(3) Generally, and without restricting the discretion of the court, a motion for rehearing or reconsideration which merely presents the same issues ruled on by the court, either expressly or by reasonable implication, will not be granted. The moving party must demonstrate a palpable error by which the court and the parties have been misled and show that a different disposition of the motion must result from correction of the error.

Thanks - that's exactly why I'm hoping to find a case or law that supports our oral argument at the hearing that the complaint, aff defenses and counter suit, in their entirety and having all the required wording of a counter affidavit and having been signed by us, should be considered a counter affidavit. If she erred in not accepting the ans, aff def and counter suit as a defacto counter affidavit, we have the basis for a motion to reconsider.

Link to comment
Share on other sites

21 minutes ago, bream133 said:

No, he didn't need to present a single piece of evidence that he was owed the money he was suing for because he submitted a notarized affidavit saying he IS owed it and only because we didn't submit the counter affidavit saying we don't, his word becomes the only piece of evidence he needs. Pretty stupid huh?

So in MI, I could pick a name out of the phone book, file suit, attach an affidavit, offer no documentation, and if that person doesn't attach a counteraffidavit to his answer, the court would grant summary disposition in my favor?

Link to comment
Share on other sites

1 hour ago, BV80 said:

So in MI, I could pick a name out of the phone book, file suit, attach an affidavit, offer no documentation, and if that person doesn't attach a counteraffidavit to his answer, the court would grant summary disposition in my favor?

@BV80 No. (See quote below)  It sounds like OP's evidence to rebut was allowed to be presented, but was objected to as hearsay, without proper foundation, and the objections were sustained. 

1 hour ago, bream133 said:

The judge did allow us to present "proof of credits owed, etc" and we did but his attorney objected to most of it as hearsay or irrelevant - like he objected to a copy of our payment being entered because we aren't authorities with the bank who are qualified to testify to the validity of the check? And the picture we took of our garage foundation walls being 6'6" instead of 8'10" were objected to because they could have been any garage foundation walls that we measured.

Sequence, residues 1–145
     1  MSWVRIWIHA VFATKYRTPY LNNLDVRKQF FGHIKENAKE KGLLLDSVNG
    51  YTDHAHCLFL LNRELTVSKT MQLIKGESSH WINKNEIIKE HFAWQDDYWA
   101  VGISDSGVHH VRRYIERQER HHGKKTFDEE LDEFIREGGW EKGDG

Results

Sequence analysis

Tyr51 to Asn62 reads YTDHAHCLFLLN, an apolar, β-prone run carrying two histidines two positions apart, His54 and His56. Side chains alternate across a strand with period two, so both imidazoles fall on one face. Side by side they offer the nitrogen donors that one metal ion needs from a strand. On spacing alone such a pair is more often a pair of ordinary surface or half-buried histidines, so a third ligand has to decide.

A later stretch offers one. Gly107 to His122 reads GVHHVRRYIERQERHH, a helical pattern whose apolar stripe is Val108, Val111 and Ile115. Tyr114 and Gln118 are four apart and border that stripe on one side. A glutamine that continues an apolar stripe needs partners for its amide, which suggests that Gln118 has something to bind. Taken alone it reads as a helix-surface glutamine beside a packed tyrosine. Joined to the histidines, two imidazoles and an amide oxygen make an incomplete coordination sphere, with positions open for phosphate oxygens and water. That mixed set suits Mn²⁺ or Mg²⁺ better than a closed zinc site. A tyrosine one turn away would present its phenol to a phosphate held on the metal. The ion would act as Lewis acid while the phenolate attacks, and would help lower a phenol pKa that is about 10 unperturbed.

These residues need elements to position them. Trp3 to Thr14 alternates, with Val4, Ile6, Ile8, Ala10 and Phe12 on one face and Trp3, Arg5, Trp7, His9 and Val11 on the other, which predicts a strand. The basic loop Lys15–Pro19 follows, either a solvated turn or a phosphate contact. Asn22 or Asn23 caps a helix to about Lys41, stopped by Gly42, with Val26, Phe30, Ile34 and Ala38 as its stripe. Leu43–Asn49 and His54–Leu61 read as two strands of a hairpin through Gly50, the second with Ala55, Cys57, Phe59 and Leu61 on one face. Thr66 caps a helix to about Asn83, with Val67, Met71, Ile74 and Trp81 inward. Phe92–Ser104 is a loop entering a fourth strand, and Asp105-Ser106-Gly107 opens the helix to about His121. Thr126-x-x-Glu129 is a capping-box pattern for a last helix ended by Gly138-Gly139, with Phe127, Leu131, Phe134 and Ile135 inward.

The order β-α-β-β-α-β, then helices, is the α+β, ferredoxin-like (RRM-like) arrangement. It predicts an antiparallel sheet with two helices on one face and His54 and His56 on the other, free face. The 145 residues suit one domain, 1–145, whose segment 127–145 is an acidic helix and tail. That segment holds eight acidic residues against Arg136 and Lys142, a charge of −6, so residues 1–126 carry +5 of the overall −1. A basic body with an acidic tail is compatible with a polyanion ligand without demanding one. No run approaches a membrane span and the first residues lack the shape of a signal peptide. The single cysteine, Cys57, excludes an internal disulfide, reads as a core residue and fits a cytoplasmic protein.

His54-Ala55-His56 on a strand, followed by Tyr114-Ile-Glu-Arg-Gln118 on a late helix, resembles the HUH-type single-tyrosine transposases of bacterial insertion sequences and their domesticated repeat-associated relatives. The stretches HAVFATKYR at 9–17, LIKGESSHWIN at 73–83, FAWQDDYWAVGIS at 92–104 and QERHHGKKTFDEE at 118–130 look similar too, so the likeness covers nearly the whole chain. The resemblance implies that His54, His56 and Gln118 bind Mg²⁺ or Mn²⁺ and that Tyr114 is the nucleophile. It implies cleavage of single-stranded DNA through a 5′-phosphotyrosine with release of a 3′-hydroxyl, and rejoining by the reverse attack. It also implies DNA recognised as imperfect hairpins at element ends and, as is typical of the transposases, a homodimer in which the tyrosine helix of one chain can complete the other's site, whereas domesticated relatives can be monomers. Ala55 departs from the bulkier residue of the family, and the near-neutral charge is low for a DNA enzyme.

"On appeal, Velardo argues that permitting a defendant an opportunity to rebut the prima facie evidence even after the defendant failed to submit the affidavit required by MCL 600.2145 would render the statute "a useless act that does nothing to advance the litigation of an account stated," and would add "nothing to summary disposition proceedings that does not already exist by virtue of the court rules and the case law." For this reason, Velardo urges this Court to reject an interpretation of MCL 600.2145 that would permit a defendant to rebut the prima facie evidence during summary disposition or at trial. Initially, we note that there is no language within MCL 600.2145 that would suggest that the Legislature intended the presumption to be conclusive. Rather, the Legislature's use of the legal term of art "prima facie evidence" indicates an intent to create a rebuttable presumption. See American Casualty, supra at 8. Hence, our application of this statute is consistent with the Legislature's intent as expressed by the words actually used in the statute. MCL 8.3a; Mayberry v Gen Orthopedics, PC, 474 Mich 1, 7; 704 Nw2d 69 (2005). Nevertheless, we also do not agree that interpreting prima facie evidence in this way renders the statute "useless."

MCL 600.2145 creates a valuable and, in many cases, dispositive presumption. Absent the presumption, a party might have to engage in extensive discovery in order to accumulate the evidence necessary to support a motion for summary disposition, survive a motion for summary disposition, or proceed to trial. Hence, the presumption can serve to expedite summary proceedings and preparation for trial. Further, a plaintiff that has the benefit of the presumption has established factual support sufficient to survive a motion for a summary disposition or directed verdict by the defendant. Indeed, as already noted, the existence of the prima facie evidence shifts the burden of going forward with the evidence to the defendant and forces the defendant to carefully prepare proofs to rebut the plaintiff's case at every stage of the litigation. The plaintiff could even elect to rely solely on the prima facie evidence at trial and a jury could find for the plaintiff on that basis alone. See American Casualty Co, supra at 7. Consequently, there are definite and substantial penalties to a defendant who ignores the requirements of MCL 600.2145.

The trial court erred when it treated Velardo's prima facie evidence as conclusive proof of its claim for an account stated. Further, because Oram presented evidence that, if believed, would rebut Velardo's prima facie evidence, the trial court erred when it granted summary disposition in favor of Velardo. . ."